National Sections of the L5I:

No to plan Colombia

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As the start of this month President Pastrana of Colombia and Manuel Marulanda, leader of the Revolutionary Armed Forces of Colombia (FARC) agreed to resume 'peace talksi aimed at resolving the decades long civil war between the state's forces and the guerrilla army.

Two years ago the newly elected President Pastrana agreed to surrender control of a demilitarized zone the size of Wales to the FARC in return for negotiations. In truth Pastrana had little choice since his army was in no position to sustain an offensive against the FARC.

Crucially, it also gave Pastrana the time and space to push ahead with the savage cuts in social welfare and a privatisation programme demanded by the USA in the cities against the working class.

In addition, during the last two years the Clinton administration has massively increased the attention paid to Colombia, defining it as a high priority for US to intervene more vigorously than before given the destabilising effect the continued guerrilla war and economic crisis was having on the whole region.

Clinton and Congress also believed that more military and economic aid to Pastrana would allow the USA to break down the continued political resistance of Venezuela and Brazil to Uncle Sam's regional ambitions.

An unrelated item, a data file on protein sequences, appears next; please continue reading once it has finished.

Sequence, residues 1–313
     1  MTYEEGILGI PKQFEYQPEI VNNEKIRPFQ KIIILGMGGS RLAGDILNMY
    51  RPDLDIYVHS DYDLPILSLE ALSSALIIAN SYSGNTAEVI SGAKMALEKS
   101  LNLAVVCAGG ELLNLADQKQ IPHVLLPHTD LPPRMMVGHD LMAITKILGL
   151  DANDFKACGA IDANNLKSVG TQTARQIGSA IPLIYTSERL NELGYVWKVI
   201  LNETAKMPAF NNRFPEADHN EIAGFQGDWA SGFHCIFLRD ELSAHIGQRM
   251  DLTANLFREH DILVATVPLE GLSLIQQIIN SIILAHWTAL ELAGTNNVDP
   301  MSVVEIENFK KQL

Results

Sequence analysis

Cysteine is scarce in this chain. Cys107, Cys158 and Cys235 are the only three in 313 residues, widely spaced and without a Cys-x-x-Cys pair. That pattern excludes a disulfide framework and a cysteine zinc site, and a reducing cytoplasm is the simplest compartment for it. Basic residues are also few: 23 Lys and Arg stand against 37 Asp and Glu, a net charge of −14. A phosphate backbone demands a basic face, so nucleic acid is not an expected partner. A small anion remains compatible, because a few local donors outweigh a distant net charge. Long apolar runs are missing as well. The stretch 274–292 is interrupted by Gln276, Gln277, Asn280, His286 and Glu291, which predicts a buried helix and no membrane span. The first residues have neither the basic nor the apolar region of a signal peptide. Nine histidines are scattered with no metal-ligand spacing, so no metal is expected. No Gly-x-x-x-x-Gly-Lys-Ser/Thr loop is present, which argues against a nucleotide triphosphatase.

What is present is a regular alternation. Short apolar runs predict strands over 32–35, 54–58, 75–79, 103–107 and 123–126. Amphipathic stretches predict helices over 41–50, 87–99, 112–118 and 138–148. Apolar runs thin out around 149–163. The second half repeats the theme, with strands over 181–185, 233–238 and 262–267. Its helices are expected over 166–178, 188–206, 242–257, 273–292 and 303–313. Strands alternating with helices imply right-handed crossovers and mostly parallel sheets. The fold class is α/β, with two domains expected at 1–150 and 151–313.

"Plan Colombia" is a key element in the US offensive. It aims to destroy coca fields, the source of income for hundred of thousands of poor peasants, and thereby obliterate the base of FARC's financial support.

The US wants to force the guerrillas to accept a "negotiated surrender". Washington will spend $1.3 billion to train and equip three anti-narcotic battalions, made up of 3,000 Colombian soldiers, who will fly into combat aboard 60 helicopters.

With this added reach, Colombian forces will destroy coca plantations, laboratories and distribution networks in joint operations with the Colombian National Police.

The US itself will provide logistics, intelligence and unified command-and-control support to Colombian forces deployed on anti-drug missions. More than 500 US advisers already work alongside the local army. The money will be controlled by the American embassy and the operations will be supervised by a US General that served in El Salvador and in the Southern Command.

Some of the money will go to funds for "social development" (the European Union would also contribute) to rebuild the state and to win the support of the rural population by means of "public works" schemes.

Combining the stick of military pressure and the carrot of negotiation, the US wants to impose an outcome similar to that in Central America in the 1980s, when "peace agreements" derailed and defeated the revolutions in Nicaragua and El Salvador.

The former-guerrilla fighters of the Nicaraguan FSLN, the Salvadoran FMLN and the Guatemalan URNG were transformed into legal parties willing to take responsibility for imposing severe austerity measures on the workers and peasants.

The first step is to carry out the agrarian revolution: a mobilisation of peasants to take over the land and militant resistance to all attempts to destroy the coca fields.